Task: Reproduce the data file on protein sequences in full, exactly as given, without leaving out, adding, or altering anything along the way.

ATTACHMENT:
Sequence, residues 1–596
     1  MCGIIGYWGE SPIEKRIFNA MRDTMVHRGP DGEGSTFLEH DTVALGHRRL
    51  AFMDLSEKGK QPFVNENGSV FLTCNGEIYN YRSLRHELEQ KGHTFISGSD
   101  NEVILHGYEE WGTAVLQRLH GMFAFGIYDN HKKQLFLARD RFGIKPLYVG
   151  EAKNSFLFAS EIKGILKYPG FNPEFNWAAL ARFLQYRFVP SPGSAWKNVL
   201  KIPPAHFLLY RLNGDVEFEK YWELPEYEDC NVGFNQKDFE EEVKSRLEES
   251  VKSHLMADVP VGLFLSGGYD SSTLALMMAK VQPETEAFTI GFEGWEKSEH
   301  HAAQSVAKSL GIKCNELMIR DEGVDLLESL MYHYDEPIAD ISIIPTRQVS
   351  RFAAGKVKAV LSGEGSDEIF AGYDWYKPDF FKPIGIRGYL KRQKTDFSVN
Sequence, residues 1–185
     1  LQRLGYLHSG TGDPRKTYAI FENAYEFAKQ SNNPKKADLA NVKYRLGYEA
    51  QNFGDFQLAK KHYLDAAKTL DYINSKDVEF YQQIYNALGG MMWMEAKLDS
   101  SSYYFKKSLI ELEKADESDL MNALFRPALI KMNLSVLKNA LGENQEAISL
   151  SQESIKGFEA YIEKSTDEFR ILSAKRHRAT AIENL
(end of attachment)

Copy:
Sequence, residues 1–596
     1  MCGIIGYWGE SPIEKRIFNA MRDTMVHRGP DGEGSTFLEH DTVALGHRRL
    51  AFMDLSEKGK QPFVNENGSV FLTCNGEIYN YRSLRHELEQ KGHTFISGSD
   101  NEVILHGYEE WGTAVLQRLH GMFAFGIYDN HKKQLFLARD RFGIKPLYVG
   151  EAKNSFLFAS EIKGILKYPG FNPEFNWAAL ARFLQYRFVP SPGSAWKNVL
   201  KIPPAHFLLY RLNGDVEFEK YWELPEYEDC NVGFNQKDFE EEVKSRLEES
   251  VKSHLMADVP VGLFLSGGYD SSTLALMMAK VQPETEAFTI GFEGWEKSEH
   301  HAAQSVAKSL GIKCNELMIR DEGVDLLESL MYHYDEPIAD ISIIPTRQVS
   351  RFAAGKVKAV LSGEGSDEIF AGYDWYKPDF FKPIGIRGYL KRQKTDFSVN
Sequence, residues 1–185
     1  LQRLGYLHSG TGDPRKTYAI FENAYEFAKQ SNNPKKADLA NVKYRLGYEA
    51  QNFGDFQLAK KHYLDAAKTL DYINSKDVEF YQQIYNALGG MMWMEAKLDS
   101  SSYYFKKSLI ELEKADESDL MNALFRPALI KMNLSVLKNA LGENQEAISL
   151  SQESIKGFEA YIEKSTDEFR ILSAKRHRAT AIENL